All over America these days we can see how the rich and mighty get around. Those who would like to lead us roar around the country on huge busses, with their names and faces emblazoned on the sides, ready to campaign in every city and town, shouting their messages, shaking their fingers into the cameras, promising to be “tougher,” to “never apologize,” to “keep America #1.” Our President flies in a special armored jet, the likes of which most of us will never see. He moves among crowds, but is always separated out by the secret service, a barrier that is both comforting and isolating. The days in which he or any president can be truly “of the people” are long gone.
It is no wonder most of us have an uneasy view of power. We are drawn to it (we want our leaders to be strong and, when necessary, tough), and we distrust it (how many more stories of financial and sexual betrayals can we stand to hear about our elected officials?). The old adage about power corrupting, and absolute power corrupting absolutely, has proven true too many times. So, like moths to the flame, we flit around the edges of power, excited by the heat but wary of the burn.
And then there is Jesus. When people sometimes ask me why I am a Christian, I think of Jesus and how he lived out a completely different understanding of power. This Sunday is Palm Sunday, and if we are willing to really look, we can see the difference in how Jesus understood and used his power. We remember the story of him riding into town on a donkey, not a chariot. Crowds gathered and shouted accolades, but even in the midst of the parade, something was different.
“As he made his entrance in to Jerusalem, the whole city was shaken. Unnerved, people were asking, ‘What’s going on here? Who is this?’”
(Matt. 21:10, The Message)
They were unnerved because Jesus’ script about power was completely different than anything they had seen – or much of what we see today. His was a power rooted in humility: he always pointed away from himself to God and the greater good. He did not establish a monument to himself or his own ego. He did not ask that he receive special privileges or honors. Whatever personal influence he had he used to protect the poor and to turn our hearts toward Compassion. The verses immediately preceding and following the Palm Sunday story show us what kind of power he believed in. Just before he entered Jerusalem, he passed two blind men on the road. Though the crowd was impatient for his attention, he stopped and spoke with the men and healed them. (Matt 20:29-31) Immediately following the parade, he went to the temple, where he exercised his power by overturning the money tables. Not to make a scene or to seem tough, but because he wanted to make room for “the blind and cripples to get in.” (Matt. 21:14).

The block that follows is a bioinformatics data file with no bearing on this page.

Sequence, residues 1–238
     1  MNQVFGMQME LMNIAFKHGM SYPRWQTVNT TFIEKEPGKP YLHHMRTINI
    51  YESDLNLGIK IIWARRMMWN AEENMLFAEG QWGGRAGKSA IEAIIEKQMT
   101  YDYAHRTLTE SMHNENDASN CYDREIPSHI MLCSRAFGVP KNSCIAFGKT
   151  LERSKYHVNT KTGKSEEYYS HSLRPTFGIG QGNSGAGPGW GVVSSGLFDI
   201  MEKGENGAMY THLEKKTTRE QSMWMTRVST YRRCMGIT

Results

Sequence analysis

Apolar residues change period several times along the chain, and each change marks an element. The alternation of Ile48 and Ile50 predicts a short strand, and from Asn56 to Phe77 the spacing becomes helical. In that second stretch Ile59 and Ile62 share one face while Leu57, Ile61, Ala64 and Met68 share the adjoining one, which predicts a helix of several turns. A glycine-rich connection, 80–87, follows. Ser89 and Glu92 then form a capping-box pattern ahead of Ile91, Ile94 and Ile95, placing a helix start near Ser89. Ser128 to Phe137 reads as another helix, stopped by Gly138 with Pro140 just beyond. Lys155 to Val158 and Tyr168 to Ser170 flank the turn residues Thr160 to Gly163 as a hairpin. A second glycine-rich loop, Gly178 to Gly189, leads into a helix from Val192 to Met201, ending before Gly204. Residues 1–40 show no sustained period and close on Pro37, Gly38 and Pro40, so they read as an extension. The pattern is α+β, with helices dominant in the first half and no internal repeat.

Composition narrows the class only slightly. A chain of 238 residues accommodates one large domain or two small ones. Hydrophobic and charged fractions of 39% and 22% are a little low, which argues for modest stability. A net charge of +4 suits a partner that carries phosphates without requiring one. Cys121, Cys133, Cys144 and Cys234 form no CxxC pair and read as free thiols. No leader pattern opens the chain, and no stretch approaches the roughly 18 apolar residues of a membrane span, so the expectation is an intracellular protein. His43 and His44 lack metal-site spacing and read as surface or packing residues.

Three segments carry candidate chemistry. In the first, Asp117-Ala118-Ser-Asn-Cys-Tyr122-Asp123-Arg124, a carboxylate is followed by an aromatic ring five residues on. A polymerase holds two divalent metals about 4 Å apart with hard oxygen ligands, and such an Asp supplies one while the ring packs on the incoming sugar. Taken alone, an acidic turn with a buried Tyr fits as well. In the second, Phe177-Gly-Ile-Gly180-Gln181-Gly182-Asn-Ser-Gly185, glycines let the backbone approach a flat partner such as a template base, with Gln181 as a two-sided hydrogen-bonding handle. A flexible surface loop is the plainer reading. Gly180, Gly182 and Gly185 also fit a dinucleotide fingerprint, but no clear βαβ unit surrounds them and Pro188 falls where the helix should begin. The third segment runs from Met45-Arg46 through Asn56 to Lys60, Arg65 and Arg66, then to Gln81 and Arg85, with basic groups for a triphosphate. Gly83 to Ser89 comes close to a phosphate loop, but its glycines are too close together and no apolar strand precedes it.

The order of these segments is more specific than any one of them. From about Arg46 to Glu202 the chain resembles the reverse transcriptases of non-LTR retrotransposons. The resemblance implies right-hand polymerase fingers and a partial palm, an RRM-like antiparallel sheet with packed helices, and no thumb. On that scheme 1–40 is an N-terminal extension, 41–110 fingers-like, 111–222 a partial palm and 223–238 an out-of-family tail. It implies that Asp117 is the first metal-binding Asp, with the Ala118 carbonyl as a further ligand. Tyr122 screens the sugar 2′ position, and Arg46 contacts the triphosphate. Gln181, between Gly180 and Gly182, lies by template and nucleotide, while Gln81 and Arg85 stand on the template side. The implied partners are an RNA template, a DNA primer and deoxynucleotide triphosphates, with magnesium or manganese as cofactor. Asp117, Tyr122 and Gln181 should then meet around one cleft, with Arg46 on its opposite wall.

I am a Christian because Jesus’ power makes sense to me. I follow his teachings because I trust a power rooted in humility far more than I will ever trust the power of money or prestige or political ideology or guns. Jesus said, “Blessed are the poor.” He taught us, “Whatsoever you do for the least of my people, you do for me.” And finally, when crowds offered him the kind of power they understood, power over others, he never wavered from this core teaching: “If anyone wants to be first, he or she must be the very last, the servant of all.” (Mark 9: 35). That’s the power of humility. When you get sick of the shouting on television and the radio, when you despair about the blatant hypocrisy of this political season, remember Jesus’ words about power. They are the call of our faith, the very grounding of our spirituality. They are the reason I choose to follow Jesus.